Finding Purpose Through Painting
Garry Toop is a Kelowna resident and family man who was diagnosed with Parkinson's in 2005 at the age of 55. He is also one of several British Columbians who have had Deep Brain Stimulation surgery.
Painting is as simple as picking up a brush and making some marks on a canvas.
My parents enrolled me in art classes at the age of 5, and I stayed with it until college, where I spent a year studying fine art. But I realized that as much as I loved art, I would find it very difficult to earn a decent living with, so I switched to technical studies.
From then on, I directed my creative juices toward music. My first instrument was the Highland bagpipe, which is very demanding as the music is peppered with complicated series of grace notes, ornamental notes that add flourishes to other notes. I played in a pipe band that was successful in competitions around the world, learned to play the guitar, and studied piano as an adult.
I've always had it in the back of my mind that I would pick up painting again when I retired. But then in 2005, I started showing symptoms and was diagnosed with Parkinson’s by my family doctor in early 2006. So, in 2006 I sold my business and joined the Prince George Artists Co-op. I realized that I would not be able to play music at the level I had been used to because of my Parkinson's disease.
I am involved with SongShine in Kelowna and am still able to play basic music. But painting gave me an alternate creative outlet.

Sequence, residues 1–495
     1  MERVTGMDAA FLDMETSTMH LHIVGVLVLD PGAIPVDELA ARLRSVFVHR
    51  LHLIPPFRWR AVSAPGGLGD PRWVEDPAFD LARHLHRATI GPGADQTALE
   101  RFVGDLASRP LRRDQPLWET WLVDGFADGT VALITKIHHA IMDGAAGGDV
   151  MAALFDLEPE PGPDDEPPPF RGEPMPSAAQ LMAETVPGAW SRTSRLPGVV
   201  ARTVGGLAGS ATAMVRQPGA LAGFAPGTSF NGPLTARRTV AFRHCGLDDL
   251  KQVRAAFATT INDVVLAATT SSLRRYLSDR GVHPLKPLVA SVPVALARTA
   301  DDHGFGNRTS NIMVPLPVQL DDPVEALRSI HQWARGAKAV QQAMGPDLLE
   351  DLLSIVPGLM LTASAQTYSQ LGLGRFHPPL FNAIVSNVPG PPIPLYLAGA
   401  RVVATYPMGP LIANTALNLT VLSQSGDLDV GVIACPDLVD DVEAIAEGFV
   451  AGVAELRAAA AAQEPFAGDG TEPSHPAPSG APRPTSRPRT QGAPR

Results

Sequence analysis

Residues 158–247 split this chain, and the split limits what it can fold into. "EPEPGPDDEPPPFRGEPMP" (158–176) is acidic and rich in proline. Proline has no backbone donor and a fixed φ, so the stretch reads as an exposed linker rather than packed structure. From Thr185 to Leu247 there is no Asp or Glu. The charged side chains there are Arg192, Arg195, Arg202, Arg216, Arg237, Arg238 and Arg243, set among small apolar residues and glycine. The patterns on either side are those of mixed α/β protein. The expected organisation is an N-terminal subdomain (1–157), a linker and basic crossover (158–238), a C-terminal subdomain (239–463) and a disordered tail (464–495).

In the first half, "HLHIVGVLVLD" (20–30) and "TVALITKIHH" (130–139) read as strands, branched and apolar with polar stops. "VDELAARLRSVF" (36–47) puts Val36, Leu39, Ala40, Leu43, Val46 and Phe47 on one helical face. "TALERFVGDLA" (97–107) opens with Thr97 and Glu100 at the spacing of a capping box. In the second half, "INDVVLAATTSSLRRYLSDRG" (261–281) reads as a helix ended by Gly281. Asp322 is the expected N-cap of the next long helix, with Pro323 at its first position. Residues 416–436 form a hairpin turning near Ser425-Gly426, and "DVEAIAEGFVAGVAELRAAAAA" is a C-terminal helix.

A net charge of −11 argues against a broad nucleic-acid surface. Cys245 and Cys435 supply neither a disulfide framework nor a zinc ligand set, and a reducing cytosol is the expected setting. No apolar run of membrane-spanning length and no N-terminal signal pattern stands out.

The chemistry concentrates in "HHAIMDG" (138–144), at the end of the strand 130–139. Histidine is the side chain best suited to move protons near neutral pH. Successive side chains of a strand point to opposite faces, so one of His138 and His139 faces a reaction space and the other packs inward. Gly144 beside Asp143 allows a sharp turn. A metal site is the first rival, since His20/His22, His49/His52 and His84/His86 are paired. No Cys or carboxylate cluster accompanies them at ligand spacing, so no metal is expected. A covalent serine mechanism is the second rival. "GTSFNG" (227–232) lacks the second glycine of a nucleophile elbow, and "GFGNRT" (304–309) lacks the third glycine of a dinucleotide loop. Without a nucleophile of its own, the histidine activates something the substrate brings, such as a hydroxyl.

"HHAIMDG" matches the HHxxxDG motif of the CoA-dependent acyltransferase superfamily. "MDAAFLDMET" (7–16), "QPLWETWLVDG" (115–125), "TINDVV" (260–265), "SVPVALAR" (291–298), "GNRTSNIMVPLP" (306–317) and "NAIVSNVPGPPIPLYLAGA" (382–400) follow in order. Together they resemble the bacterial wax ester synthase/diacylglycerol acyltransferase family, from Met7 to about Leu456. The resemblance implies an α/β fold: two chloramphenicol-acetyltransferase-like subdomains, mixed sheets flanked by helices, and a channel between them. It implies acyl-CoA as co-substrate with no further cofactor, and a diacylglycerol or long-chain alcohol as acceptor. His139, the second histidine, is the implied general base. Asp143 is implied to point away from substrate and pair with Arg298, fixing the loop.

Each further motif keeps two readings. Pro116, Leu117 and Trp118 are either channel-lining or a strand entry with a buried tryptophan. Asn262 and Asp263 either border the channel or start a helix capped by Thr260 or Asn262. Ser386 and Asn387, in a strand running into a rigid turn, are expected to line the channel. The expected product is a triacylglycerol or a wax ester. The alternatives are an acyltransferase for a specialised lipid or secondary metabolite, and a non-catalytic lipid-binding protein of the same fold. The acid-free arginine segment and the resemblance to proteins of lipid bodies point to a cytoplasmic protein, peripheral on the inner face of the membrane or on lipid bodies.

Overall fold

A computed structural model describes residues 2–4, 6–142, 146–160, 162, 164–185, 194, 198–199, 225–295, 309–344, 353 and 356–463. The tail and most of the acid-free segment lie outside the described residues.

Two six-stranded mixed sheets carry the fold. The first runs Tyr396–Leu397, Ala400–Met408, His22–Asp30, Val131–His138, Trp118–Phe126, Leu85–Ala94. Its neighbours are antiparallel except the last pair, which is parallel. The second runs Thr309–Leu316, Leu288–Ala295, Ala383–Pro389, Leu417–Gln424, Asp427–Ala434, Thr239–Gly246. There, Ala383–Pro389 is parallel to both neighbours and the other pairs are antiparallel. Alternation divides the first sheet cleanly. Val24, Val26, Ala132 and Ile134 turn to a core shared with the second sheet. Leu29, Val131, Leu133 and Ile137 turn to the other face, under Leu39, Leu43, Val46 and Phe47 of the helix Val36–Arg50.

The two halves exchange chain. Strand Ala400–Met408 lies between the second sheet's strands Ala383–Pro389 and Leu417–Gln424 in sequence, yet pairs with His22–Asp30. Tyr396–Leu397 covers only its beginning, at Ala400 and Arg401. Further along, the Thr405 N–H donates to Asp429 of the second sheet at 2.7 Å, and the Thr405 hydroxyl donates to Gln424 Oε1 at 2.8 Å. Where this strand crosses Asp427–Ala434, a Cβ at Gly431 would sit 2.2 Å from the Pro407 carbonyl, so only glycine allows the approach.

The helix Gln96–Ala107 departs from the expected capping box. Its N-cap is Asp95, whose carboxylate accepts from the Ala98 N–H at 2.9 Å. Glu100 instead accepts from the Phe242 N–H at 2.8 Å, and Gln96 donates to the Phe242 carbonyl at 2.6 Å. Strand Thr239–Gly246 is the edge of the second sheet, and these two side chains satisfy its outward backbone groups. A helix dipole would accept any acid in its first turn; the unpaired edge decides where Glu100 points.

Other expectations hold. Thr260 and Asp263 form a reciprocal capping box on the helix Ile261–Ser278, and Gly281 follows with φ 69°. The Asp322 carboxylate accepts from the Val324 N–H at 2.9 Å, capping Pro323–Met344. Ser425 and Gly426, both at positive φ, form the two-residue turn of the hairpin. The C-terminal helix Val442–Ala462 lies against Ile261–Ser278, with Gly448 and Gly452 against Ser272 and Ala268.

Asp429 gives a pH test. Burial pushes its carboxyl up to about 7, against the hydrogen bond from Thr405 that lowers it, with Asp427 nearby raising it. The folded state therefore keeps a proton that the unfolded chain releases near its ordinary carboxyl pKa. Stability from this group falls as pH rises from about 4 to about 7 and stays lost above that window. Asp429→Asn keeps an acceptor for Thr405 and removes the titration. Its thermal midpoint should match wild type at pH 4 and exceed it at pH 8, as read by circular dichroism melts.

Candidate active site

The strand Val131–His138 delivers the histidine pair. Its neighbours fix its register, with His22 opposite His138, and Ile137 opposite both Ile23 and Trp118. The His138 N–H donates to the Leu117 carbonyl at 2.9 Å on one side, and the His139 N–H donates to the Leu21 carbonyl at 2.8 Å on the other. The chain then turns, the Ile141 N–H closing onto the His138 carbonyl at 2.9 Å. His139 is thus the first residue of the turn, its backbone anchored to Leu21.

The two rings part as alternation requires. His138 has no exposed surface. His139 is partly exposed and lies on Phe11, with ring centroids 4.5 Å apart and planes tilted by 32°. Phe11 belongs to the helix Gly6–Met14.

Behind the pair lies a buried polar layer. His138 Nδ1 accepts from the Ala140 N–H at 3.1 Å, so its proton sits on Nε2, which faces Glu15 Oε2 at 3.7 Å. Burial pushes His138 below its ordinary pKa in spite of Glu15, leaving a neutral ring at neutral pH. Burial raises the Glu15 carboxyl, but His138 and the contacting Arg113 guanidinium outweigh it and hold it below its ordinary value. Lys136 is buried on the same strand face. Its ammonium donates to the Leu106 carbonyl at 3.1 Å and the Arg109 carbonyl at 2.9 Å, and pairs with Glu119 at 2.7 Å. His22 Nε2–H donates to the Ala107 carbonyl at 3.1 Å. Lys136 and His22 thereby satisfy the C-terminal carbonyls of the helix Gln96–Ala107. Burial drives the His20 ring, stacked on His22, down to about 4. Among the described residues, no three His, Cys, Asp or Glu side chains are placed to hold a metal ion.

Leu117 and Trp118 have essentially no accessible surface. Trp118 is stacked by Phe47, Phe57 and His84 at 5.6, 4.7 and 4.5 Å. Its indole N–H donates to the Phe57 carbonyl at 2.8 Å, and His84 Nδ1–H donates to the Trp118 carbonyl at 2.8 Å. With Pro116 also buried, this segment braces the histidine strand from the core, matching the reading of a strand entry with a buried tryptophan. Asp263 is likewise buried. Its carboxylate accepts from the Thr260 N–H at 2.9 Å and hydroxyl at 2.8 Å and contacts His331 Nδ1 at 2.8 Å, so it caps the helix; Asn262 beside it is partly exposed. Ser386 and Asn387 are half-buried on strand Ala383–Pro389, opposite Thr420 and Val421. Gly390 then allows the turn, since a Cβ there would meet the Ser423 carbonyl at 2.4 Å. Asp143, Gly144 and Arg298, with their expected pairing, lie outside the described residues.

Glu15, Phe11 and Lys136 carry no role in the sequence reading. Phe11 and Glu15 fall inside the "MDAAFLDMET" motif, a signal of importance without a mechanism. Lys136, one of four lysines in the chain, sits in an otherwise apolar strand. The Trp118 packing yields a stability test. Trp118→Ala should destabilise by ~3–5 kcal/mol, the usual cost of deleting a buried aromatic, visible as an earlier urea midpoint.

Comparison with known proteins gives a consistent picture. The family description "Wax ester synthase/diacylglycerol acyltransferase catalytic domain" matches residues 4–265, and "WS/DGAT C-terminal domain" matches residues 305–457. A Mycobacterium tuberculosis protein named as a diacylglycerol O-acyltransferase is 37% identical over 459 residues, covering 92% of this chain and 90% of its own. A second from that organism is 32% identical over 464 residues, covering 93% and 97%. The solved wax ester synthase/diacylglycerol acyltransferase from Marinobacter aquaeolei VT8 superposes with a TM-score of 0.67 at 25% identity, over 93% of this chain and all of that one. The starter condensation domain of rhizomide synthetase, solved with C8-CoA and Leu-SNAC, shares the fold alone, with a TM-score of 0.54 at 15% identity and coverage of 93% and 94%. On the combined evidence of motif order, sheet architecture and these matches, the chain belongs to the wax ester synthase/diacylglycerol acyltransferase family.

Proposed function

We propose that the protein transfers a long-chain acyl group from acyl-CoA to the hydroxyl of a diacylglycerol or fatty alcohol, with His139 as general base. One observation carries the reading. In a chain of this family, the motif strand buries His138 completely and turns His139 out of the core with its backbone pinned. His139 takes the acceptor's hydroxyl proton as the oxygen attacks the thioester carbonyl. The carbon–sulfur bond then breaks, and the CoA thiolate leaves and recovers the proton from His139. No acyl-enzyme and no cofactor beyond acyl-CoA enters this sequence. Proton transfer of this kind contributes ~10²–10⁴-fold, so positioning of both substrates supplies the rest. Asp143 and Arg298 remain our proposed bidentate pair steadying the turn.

I mostly create paintings from nature based on my experience in the great outdoors. I was — and still am — physically active. I still golf, bike, hike, and cross-country ski, albeit I have to be careful because my balance is not perfect. I've made it my goal to continue the sports activities I've always enjoyed, as these have always kept me emotionally buoyed.
I canoed the Bowron Lake circuit twice, once in 2009 and again in 2010. I pursued the activities that I know will — one day — have to be put aside due to the progression of my Parkinson's disease.
Through my kayaking and canoeing trips, I have had the good fortune to see parts of British Columbia most people will never set eyes on. I love the wildlife and scenery that is at our doorstep. I draw inspiration for my paintings from my experience on these adventures.
Hobbies are important to keep you involved in the community and to provide personal gratification. They also keep the mind active, a benefit to anyone regardless of whether they have Parkinson's disease or not. Looking at life positively requires being involved in activities that one can improve on with practice.
My mantra has been modify, but not quit. When I picked up painting in my retirement, it had been 40 years since I lifted a paintbrush. Painting as a retiree living with Parkinson's disease is very different from painting as a 5-year-old. But I didn't quit. I just modified the way I paint.
So get painting! It's as simple as picking up a brush and making some marks on a canvas.